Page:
On MacOS X we have a number of relatively new interface widgets which are proving quite interesting. One is the drawer with many have strong feelings over. I have to admit that at first the idea did nothing for me, especially when seeing it implemented in Apple's Mail program.
However now that I'm working most of the time on a dual screen setup they're really beginning to make sense. My usual working arrangement is one 15″ Powerbook on an iCurve and one 20″ Cinema Display. With so much screen space I rarely have any application's window filling one screen as I was accustomed to doing on smaller screens in days gone by. With help from Expose I tend to have piles of windows open at the same time.
Palettes don't work so well in that kind of setup. On a single small screen they're inevitably squashed next to the relevant document window. On large or multi-screen systems the palette can be left a long way from the relevant window. Drawers on the other hand are elegantly attached to the appropriate window, quickly hidden if needed. Much better when there's lots of screen real-estate. Unfortunately when I'm back on the move again with just the single laptop screen drawers feel a little cluttered and inefficient if I have several windows open.
Below I've got two screen shots. First is a drawer attached to a Pages document showing the various formatting styles. Second is the Word 2004 document with the formatting palette showing the various available styles. This palette is mutli-purpose, it shows styles for whichever document is active but it's a separate window unto itself. If I shift my document onto another screen the palette doesn't move. It gets confusing and slow… your mouse has to travel a loooong way to click something on the palette.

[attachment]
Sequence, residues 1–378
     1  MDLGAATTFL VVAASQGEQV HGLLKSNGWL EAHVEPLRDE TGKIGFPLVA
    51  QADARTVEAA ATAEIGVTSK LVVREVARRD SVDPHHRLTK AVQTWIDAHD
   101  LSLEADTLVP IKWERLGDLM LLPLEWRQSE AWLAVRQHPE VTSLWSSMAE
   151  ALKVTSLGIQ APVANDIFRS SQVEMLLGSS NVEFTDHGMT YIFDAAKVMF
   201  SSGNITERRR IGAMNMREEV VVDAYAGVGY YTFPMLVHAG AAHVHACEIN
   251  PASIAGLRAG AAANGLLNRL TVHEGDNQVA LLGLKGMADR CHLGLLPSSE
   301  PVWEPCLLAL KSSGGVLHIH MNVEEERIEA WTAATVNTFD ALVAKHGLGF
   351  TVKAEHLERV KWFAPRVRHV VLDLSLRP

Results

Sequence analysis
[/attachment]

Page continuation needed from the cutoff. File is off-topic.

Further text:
A few thoughts on Pages
Apple call Pages 'a word processor with incredible style' but it sure doesn't feel like a word processor to me. From my usage so far, and I'm by no means a Pages guru yet, Pages fills the easy desktop publishing gap left by Pagemaker (or the likes of Serif PagePlus on the PC). Word is horrible for layout but it's a solid tool for the wordsmith. Managing revisions and integration with referencing tools is all solid in Word. Pages is not really built to integrate with third-party tools (developers tell me that it's barely scriptable). The included templates are also a little underwhelming but it's just a beautiful simple app to lay a brochure, newsletter or invitation in. It's Keynote and Omnigraffle for paper documents.
Seeing as it was inevitable that I would upgrade my much-loved copy of Keynote then Pages is effectively a free tool that comes in the same box. I like even more when I put it that way!